It’s no secret that Jerry Seinfeld is a car enthusiast. In fact, his namesake television show includes numerous nods to his automotive interests: Jerry’s fridge features a Skip Barber Racing School magnet; posters of Porsches line the walls of his apartment; and Kramer, Jerry’s across-the-hall neighbor, drives an experimental 1973 Chevrolet Impala.
Yes, Kramer’s green Impala—the car that famously dons the license plate “ASSMAN” in the Seinfeld episode “The Fusilli Jerry”—is no ordinary Chevy, but one of 1,000 1973 Impalas that General Motors furnished with an experimental front airbag system dubbed the Air Cushion Restraint System (ACRS). How do we know? Well, take a look at the car’s interior in episodes such as “The Race” or “The Pothole” and you’ll spot the telltale signs of an ACRS-equipped Impala: Notably, a four-spoke steering wheel with a pillow-shaped hub that houses the driver-side airbag and a modified Oldsmobile dashboard, which hides the likes of the passenger-side airbag and a driver-side cushioned knee restraint.
It’s got the Kavorka
While GM refrained from offering ACRS on saleable, regular production order 1973 Impalas, the company sent a number of its ACRS-equipped Impalas to fleet customers throughout the United States for real-world testing. A handful of performance improvements accompany the cars’ trick safety technology, including suspension and chassis upgrades cribbed from the Police Car package (RPO B07) and a 5.7-liter V-8 engine from the Corvette.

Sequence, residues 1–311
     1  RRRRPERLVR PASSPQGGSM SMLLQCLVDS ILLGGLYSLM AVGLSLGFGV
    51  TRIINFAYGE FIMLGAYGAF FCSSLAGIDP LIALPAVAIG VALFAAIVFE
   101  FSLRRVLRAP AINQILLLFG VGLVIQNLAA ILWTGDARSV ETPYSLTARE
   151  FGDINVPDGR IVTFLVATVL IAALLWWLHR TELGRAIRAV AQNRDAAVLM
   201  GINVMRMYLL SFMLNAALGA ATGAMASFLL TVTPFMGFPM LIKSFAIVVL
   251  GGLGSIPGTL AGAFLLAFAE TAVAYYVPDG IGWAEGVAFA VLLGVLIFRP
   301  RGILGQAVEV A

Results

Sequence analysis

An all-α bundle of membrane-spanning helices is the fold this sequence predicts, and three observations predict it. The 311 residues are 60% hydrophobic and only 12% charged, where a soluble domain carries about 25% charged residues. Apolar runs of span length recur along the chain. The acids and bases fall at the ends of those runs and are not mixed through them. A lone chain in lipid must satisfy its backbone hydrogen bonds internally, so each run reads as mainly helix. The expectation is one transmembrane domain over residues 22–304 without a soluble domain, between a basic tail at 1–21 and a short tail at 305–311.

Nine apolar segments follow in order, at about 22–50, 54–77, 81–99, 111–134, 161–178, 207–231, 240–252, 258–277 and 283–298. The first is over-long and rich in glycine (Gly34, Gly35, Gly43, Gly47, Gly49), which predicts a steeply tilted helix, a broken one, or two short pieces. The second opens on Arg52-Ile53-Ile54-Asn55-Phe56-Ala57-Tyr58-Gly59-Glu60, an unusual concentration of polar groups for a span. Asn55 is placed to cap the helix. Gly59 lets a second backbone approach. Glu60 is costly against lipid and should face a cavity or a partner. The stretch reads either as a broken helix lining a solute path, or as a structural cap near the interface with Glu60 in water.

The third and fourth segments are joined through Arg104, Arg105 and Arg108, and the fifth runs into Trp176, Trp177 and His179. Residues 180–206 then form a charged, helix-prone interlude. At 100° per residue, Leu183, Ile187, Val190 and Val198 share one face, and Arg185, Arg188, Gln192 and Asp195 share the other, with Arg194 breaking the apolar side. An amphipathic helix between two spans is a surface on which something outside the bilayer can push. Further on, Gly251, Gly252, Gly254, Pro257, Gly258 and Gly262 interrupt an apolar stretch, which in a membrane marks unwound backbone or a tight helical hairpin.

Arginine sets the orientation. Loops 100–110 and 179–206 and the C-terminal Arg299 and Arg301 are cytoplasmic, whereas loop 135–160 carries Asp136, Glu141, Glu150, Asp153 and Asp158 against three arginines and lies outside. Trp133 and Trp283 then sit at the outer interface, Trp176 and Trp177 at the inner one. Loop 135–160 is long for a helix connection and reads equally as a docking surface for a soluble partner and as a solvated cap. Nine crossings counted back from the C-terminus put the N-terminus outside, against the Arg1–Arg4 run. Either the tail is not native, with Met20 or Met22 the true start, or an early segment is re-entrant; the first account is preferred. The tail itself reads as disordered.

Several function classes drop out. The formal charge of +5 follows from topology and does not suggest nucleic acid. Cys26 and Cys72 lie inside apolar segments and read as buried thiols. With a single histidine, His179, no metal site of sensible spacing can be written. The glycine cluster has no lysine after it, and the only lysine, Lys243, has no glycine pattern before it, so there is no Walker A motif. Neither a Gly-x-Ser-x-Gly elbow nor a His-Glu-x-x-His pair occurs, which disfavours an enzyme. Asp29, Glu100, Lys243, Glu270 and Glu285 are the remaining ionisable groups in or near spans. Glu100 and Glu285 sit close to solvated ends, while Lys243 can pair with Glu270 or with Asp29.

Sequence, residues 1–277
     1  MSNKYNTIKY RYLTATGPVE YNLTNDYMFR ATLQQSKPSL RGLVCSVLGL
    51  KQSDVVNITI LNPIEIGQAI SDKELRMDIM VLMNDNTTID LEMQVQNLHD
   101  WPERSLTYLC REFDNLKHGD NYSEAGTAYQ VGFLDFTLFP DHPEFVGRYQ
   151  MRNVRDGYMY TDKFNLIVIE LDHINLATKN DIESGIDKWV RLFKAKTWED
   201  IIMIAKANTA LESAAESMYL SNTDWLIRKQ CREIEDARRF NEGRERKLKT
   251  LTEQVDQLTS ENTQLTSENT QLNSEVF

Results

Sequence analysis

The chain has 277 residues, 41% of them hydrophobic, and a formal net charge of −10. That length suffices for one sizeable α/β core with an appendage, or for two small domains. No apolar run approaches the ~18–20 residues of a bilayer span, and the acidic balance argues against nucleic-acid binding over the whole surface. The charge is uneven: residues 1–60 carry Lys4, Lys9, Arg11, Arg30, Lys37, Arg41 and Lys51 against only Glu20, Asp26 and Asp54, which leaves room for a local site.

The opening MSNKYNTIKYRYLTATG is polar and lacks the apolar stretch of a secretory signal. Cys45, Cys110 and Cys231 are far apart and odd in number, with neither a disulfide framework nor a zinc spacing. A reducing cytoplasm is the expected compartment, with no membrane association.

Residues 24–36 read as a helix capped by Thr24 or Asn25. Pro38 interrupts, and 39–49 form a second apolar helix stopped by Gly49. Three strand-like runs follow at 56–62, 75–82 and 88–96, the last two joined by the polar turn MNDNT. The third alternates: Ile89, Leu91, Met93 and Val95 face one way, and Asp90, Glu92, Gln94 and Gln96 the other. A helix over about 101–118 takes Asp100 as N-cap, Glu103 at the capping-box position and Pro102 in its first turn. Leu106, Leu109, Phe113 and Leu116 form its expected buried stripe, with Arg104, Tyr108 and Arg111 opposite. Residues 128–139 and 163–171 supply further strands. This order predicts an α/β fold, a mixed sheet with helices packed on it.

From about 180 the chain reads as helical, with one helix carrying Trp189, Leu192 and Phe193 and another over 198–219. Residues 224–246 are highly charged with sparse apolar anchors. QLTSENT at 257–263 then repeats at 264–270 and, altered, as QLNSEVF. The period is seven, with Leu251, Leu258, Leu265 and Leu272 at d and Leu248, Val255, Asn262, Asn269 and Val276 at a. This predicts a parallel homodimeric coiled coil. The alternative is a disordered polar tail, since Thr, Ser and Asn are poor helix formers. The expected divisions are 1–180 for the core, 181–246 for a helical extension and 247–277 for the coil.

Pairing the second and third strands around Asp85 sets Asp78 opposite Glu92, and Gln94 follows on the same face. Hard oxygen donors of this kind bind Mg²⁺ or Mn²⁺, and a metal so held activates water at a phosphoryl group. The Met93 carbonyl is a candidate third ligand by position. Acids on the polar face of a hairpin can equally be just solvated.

With a minimum of 190 horses under its hood and possibly as much as 250 ponies (a GM spokesperson was unable to confirm if ACRS Impalas used the Corvette’s standard L48 or its available L82 5.7-liter V-8), each ACRS-equipped Impala packs at least 45 extra horses relative to the run-of-the-mill Impala’s standard 145-hp 5.7-liter bent-eight. That’s more than enough grunt to overcome the extra mass the ACRS adds to the experimental Impala’s curb weight.
Despite debuting in the Impala, ACRS never made its way to the bow-tie brand. Instead, GM added the technology to the options menus of certain 1974–1976 Buick, Cadillac, and Oldsmobile models. Low consumer interest toward the feature, however, ultimately led to its demise. The market failure of its ACRS ultimately results in GM abstaining from offering airbags in its cars for more than a decade.
How then, did Kramer’s 1973 Impala go from experimental test car to the ride of choice for television’s favorite hipster doofus? Your guess is as good as ours. We reached out to representatives of Jerry Seinfeld inquiring about the vehicle, but have yet to hear back from the comedian or his spokespeople. That said, it’s likely an enterprise that provides cars to movies and TV shows simply supplied this rare machine to the Seinfeld team. Still, it’s not impossible to imagine Seinfeld himself owning and supplying this Impala to his own show. After all, even a Porsche-fanatic like Seinfeld can surely appreciate the special nature of a rare, Corvette-powered 1973 Impala that also packs one of the industry’s earliest examples of front airbag technology. As Kramer himself might say, “Giddy up!”
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